A Significant Fence Bust. Over 200 boosters were identified selling stolen over-the-counter pharmaceuticals to an opportunistic street-level fence. The criminal organization was on the threshold of making the move to a mid-level operation. We partnered with agencies of sufficient clout to bring the fullest extent of the law against the fence. As is the case with most high-level prosecutions, the time required to complete a thorough investigation required roughly 18 months. You don’t just run down and hang a pole camera outside the criminal’s business location. It takes cooperation and networking.

During the course of the investigation, documentation was accumulated establishing the fact that the fence transported, on average, $140,000 per week to an illegitimate repack warehouse in the Northeast. In retrospect, we allowed $10,080,000 to be stolen. The bust was a colossal event, and the recovery of $1,700,000 set a record at the time. But what was the net loss? Not counting expenses and payroll, the figure came to $8,380,000.

What did the community lose during the same period? Well, if the tax rate was 9 percent, and if we applied that percentile to sales of $10,080,000 at retail, the community coffers would realize a loss of revenue valued at $907,200.

A Typical Booster Ring. In another example, a particular booster group stole an average of $5,000 per day throughout the duration of the investigation. If the group only worked five days a week, they caused $25,000 in retail shrink. If we extrapolate that out over 52 weeks, the resulting retail shrink in the targeted market would translate to a cumulative yearly loss at retail of $1,300,000. This booster’s profit margin averaged 20 percent on the dollar, creating a yearly gross income for their business of $260,000. The group moved the stolen merchandise themselves. Maybe they hadn’t heard of outsourcing.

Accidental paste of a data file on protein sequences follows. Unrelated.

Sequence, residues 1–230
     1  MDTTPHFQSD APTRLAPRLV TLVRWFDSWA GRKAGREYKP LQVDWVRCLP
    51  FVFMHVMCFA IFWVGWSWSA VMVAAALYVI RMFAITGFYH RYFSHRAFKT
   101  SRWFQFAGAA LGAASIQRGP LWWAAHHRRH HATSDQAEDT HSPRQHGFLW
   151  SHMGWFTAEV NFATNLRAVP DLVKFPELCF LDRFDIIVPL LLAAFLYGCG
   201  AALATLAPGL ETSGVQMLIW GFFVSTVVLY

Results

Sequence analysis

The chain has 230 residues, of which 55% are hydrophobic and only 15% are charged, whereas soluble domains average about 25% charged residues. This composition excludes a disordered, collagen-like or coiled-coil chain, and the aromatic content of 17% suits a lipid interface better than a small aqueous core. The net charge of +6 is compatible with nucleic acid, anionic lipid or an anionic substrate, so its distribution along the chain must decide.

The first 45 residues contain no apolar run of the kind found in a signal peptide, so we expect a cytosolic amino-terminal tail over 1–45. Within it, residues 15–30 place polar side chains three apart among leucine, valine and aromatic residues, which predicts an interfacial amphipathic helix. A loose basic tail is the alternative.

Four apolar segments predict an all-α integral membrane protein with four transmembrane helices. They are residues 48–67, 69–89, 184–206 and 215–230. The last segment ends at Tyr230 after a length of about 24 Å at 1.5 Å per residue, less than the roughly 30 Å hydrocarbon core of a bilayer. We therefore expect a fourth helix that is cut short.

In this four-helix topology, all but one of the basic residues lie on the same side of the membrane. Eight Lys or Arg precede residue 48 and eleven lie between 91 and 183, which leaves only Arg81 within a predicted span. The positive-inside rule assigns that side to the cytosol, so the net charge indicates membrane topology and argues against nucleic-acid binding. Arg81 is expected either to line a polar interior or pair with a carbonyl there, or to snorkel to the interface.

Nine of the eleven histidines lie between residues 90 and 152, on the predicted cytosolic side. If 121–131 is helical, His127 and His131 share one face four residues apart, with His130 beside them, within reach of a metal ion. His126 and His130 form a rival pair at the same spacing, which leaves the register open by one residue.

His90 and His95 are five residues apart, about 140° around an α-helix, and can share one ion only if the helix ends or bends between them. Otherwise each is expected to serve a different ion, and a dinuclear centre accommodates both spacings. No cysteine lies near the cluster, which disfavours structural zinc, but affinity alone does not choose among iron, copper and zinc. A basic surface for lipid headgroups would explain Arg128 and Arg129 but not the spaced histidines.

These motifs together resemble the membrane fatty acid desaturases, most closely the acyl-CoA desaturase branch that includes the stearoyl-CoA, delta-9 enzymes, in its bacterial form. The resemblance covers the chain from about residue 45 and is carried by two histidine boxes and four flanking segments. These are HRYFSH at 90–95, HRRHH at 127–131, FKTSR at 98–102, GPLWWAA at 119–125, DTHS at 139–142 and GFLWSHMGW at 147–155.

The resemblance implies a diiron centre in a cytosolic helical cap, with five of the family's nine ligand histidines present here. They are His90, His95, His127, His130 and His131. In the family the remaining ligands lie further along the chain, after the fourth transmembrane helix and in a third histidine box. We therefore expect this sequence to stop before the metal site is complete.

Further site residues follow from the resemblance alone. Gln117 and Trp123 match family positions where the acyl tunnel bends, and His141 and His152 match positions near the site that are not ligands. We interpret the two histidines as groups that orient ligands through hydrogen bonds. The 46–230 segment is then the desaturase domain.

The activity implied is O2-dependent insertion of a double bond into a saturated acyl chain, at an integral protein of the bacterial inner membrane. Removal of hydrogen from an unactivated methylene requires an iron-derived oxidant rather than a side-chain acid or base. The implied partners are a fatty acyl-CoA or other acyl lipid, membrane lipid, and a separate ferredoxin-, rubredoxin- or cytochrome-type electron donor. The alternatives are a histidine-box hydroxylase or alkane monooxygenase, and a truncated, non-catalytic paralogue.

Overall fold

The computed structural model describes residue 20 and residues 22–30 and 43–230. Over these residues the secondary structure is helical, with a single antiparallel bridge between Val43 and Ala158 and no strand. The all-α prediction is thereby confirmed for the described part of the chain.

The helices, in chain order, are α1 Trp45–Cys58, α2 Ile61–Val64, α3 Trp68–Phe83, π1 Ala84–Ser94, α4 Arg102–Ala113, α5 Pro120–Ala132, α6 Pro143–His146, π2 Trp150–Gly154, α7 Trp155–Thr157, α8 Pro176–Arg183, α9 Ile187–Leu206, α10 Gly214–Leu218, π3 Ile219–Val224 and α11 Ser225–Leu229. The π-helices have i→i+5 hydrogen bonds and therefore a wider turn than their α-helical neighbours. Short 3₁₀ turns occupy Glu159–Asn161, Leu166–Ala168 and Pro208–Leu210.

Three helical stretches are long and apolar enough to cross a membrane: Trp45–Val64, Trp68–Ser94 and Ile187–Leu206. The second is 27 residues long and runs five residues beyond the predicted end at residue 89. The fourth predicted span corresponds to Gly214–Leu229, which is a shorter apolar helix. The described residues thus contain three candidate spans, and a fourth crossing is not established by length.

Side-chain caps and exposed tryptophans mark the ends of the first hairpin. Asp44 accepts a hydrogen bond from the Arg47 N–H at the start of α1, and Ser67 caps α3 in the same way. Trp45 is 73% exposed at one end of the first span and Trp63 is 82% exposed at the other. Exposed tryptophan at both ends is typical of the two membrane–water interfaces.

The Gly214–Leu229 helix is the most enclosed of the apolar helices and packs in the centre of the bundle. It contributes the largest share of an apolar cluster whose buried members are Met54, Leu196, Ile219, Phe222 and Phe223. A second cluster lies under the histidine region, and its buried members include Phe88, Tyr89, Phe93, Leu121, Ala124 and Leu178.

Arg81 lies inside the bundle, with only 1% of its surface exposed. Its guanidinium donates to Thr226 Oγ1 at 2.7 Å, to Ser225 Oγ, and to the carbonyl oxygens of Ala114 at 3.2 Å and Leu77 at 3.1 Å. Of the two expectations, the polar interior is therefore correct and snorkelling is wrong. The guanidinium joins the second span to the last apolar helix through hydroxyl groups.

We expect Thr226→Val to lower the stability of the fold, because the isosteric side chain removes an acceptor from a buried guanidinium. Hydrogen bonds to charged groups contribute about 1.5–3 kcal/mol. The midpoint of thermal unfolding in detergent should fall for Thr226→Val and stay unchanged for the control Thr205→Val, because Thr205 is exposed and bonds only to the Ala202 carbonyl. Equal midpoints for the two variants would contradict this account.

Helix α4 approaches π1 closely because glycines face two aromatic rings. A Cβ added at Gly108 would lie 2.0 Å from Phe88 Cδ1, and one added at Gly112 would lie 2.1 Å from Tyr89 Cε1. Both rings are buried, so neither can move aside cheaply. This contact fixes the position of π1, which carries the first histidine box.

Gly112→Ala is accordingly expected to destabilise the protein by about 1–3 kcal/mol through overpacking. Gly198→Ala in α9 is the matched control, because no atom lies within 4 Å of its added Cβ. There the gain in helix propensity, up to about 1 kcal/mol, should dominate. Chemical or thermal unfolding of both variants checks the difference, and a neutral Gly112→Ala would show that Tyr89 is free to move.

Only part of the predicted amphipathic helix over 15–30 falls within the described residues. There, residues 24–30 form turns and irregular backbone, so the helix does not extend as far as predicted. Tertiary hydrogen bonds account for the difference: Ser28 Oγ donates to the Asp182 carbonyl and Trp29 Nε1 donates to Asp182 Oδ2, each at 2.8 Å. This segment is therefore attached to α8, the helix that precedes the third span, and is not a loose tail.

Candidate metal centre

The group had been on a state agency’s targeted criminal list for 27 years. Ouch! Do you think the agency focused all their efforts toward working pawn shops and fences?

Maybe if they had understood that the booster is the direct link to shrink, they would have known a link to the fence was not necessary. Maybe they would have expanded their investigation. This misunderstanding has led to the success of many booster rings.

A Second Booster Case. Some time ago, an organized retail crime investigator told us about a booster group he busted. A cooperating witness provided information identifying a group that was hitting his stores and other retailers in his area. The group was stealing over-the-counter medicines and Gillette razors, and was responsible for a daily retail shrink of approximately $8,000. The group was reported to work at their craft six days per week.

The investigator assembled a team, contacted the police in the area specified by the witness, and began surveillance on the group. His team observed the boosters hit four stores, and then called the police. The group was arrested, at which time authorities discovered that the “booster in charge” was on parole with an outstanding warrant for parole violation. Prior to this arrest, the other members of the group had no criminal records.

This investigator’s initiative and organizational skills made a $48,000 per week impact on retail shrink at stores in his area. We were flabbergasted when we learned that a supervisor made the statement, “He’s spending valuable time on boosters when he should be working the fences.”

If the supervisor’s goal is to make a positive impact on the bottom line, maybe someone should point out the fact that boosters are the direct link to shrink.

One Retailer’s Attitude. While attending an LP meeting in the upper Midwest to discuss organized retail crime (ORC) and legislation, a retailer in attendance said, “Boosters are a dime a dozen, and we concentrate our efforts on fences. Cut off the head and the body dies.”